2020 expert's event trends

2020 Expert’s Event Trends Report every Event Manager should read

February 10, 2020Janey DaviesEvent Guides

Every year the top dogs in the event industry get together to publish the 2020 Expert’s Event Trends Report. Want to know the big trends in the event industry in 2020? We’ve taken the top trends from this report to compile a list of the top 2020 expert’s event trends.

2020 Expert’s Event Trends


‘Come one, come all’ is the new mantra for 2020 events. But it’s not about inviting as many different people as you can. The focus is on making people feel welcome, included, safe and part of a wider community.

One way to achieve this is to concentrate on your target audience. For example, children. How do you enable all kinds of children to attend your event? Think about autistic kids and having a separate ‘quiet space’ away from the main action. Set up a ‘sensory area’ for disabled children so they can experience your event as well. Organise a crèche for the little ones so parents can bring older children. Have a dedicated feeding area for nursing mums.

Here are some real-life examples

At the Umbrella Café, the owners take donated, leftover and overstocked food. They create a three-course menu for their supper club where people can come along and leave a donation in an envelope.

Matt Hardwick helped set up London Gaymers to bridge the gap between the LGBT communities and the gaming scene.

“There are LGBT spaces and there are gaming spaces, but there were no spaces for that crossover, and that is ultimately why the group started and why the group exists,” says co-founder Matt Hardwick.

But it wasn’t just about finding a niche in the market.

“Online gaming can be quite toxic at the best of times, so it was important to create a space where you can play with other people in the same minority as you and not be subject to abuse and harassment,” he says.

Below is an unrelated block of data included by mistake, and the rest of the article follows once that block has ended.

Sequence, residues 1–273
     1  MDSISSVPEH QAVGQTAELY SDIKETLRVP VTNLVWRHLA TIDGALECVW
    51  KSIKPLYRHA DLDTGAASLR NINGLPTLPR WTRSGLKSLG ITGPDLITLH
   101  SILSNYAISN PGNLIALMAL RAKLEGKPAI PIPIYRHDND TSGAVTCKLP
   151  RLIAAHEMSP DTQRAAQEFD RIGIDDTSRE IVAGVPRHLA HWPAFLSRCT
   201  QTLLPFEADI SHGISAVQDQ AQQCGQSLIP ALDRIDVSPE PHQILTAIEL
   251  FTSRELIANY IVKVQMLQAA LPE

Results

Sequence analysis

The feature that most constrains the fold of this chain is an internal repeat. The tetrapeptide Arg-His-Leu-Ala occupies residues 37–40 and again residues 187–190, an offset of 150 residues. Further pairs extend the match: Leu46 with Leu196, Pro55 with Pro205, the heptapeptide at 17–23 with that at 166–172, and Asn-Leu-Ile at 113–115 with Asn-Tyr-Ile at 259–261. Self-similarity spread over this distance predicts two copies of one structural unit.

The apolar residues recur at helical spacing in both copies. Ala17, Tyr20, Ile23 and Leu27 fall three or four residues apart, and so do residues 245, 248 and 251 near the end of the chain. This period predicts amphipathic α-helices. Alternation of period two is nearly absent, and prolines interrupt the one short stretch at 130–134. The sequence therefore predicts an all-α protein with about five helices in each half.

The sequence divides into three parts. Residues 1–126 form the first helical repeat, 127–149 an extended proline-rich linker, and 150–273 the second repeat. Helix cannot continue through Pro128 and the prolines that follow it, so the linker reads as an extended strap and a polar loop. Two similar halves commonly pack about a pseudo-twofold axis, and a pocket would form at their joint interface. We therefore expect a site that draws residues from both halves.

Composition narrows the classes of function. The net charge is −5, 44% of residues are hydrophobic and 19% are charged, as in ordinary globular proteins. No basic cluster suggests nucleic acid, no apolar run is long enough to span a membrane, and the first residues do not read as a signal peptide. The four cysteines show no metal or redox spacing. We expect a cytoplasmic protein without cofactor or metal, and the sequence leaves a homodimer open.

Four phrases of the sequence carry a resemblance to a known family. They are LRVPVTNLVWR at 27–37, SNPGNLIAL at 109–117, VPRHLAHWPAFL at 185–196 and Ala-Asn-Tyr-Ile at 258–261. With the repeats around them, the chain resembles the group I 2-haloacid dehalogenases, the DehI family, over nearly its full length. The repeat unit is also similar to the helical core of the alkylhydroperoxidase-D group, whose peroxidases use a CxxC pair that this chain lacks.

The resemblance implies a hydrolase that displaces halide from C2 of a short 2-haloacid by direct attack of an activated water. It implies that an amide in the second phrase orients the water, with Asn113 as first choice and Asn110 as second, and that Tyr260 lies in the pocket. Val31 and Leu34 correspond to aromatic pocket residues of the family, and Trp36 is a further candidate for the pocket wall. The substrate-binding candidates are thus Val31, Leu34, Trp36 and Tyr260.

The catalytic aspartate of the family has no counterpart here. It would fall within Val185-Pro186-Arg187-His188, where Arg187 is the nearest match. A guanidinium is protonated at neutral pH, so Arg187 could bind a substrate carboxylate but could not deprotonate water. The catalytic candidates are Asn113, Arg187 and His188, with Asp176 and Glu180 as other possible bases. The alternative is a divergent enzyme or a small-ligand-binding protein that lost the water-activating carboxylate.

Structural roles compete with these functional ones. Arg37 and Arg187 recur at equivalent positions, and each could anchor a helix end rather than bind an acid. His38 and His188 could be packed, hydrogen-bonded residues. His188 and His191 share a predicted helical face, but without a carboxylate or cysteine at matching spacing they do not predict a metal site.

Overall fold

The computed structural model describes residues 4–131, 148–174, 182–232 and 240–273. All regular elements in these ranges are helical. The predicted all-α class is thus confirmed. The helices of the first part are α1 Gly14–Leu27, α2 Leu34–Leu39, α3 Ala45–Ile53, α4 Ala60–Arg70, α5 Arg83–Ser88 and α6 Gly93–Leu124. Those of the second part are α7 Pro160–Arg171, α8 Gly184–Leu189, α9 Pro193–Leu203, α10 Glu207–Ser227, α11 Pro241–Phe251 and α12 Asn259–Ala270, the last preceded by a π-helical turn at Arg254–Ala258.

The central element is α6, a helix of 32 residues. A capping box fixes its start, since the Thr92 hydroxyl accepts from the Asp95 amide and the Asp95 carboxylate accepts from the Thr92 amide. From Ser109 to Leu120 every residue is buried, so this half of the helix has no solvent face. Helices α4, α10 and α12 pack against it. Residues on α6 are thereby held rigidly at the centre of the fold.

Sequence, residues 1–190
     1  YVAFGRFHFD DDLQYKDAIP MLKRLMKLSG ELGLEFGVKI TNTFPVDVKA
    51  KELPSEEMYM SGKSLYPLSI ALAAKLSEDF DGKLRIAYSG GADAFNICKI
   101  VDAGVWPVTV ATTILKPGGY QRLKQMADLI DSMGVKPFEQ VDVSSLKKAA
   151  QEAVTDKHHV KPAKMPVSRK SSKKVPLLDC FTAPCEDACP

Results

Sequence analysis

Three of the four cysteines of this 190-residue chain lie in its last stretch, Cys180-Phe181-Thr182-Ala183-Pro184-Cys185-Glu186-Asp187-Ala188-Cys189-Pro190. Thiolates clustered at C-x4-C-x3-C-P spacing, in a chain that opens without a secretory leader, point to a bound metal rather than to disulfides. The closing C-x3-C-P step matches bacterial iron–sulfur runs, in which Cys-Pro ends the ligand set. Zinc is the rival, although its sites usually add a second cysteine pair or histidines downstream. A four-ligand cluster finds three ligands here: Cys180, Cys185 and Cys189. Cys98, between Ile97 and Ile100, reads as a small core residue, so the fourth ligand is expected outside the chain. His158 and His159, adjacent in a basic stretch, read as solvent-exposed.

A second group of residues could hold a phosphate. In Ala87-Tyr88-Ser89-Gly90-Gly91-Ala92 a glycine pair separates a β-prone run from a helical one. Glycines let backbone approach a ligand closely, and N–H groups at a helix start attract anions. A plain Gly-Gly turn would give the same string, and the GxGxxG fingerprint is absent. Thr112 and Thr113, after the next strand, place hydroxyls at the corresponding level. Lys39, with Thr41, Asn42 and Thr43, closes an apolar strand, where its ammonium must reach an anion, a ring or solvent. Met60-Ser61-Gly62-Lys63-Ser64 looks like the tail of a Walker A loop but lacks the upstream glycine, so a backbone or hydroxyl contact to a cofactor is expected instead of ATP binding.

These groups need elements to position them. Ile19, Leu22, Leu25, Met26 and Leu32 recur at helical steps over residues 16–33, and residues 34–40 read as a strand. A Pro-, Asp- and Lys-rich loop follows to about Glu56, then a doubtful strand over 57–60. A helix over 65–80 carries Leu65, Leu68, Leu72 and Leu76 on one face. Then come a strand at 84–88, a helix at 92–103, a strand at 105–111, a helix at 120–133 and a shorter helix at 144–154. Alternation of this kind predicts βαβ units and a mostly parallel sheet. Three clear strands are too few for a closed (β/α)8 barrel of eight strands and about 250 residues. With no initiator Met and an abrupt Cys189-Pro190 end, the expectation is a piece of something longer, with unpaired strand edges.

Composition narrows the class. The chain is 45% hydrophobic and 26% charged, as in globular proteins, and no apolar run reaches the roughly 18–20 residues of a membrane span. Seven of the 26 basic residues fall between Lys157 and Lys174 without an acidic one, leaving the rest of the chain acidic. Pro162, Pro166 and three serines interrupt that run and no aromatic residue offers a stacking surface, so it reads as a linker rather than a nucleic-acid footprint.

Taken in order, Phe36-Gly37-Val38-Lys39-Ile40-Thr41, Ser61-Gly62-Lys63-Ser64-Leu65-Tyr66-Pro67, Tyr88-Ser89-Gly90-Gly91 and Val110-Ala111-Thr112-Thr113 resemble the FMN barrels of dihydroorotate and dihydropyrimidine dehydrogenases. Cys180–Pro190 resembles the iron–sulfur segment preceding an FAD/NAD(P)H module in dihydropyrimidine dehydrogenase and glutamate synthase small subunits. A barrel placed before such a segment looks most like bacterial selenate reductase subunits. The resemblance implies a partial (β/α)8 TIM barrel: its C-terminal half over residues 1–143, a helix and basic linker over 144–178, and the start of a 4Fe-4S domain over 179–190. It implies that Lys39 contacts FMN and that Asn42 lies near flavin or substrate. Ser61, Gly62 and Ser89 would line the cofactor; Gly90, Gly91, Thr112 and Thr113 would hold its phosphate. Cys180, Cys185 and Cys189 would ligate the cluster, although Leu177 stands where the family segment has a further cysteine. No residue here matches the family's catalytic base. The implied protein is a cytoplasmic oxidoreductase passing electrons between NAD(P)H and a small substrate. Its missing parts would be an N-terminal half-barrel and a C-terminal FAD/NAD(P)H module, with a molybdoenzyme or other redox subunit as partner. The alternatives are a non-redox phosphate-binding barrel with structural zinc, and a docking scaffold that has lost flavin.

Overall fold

When Joaquin Phoenix uses his BAFTA speech to talk about diversity in the film industry, all industries should take note.

Diversity isn’t about pushing people from minorities into roles they’re not qualified for. First, it’s about trying to ensure a level playing field for everyone. Second, it’s about having a true representation of society.

Look proactively for disabled keynote speakers, or speakers from minority backgrounds. When you think about minority don’t just think of colour or race. Consider gender and religion.

Publish a code of conduct that encourages and promotes diversity. In other words, make it clear for promoters and advertisers what your positive stance is regarding diversity.

Earth matters

It’s not surprising that climate change is at the forefront of the event manager’s minds. It is one of our biggest challenges and threats to the planet. Events can’t just add a few recycling bins at exits and entrances. They have to be serious about the earth, otherwise, people are going to turn off.

In fact, making sure your event ticks every environmentally-friendly box is essential to securing good ticket sales.

How do you do this? Don’t just ban plastics, offer long-lasting alternatives. Sell affordable travel coffee cups or reusable water bottles. Allow customers to buy tickets online and enter the event using a device. Put on transport like a minibus for elderly or under a certain age. Use venues that are good at recycling.


The focus is on personal wellness in 2020, but it’s not all about physical health. The emphasis is to reconnect with an old hobby that brings you into contact with likeminded people. Loneliness is a big problem all over the world.

“It’s about mental health as much as it is physical health. Runners meet people with common interests and have an opportunity to reconnect with nature. They are usually looking at the scenery, not worrying about their time..” – Rodger Wilkins of Love Trail Running


Finally, the last of our 2020 expert’s event trends will see the reopening quirky and unloved spaces and giving them back to the community. Organisers want to see places that have been derelict or abandoned for decades repurposed and given a new lease of life.

Think of it as the ultimate in recycling, but this time it is space, areas and buildings. The main is to make good use of these areas which are unloved and allow the local area to benefit from them.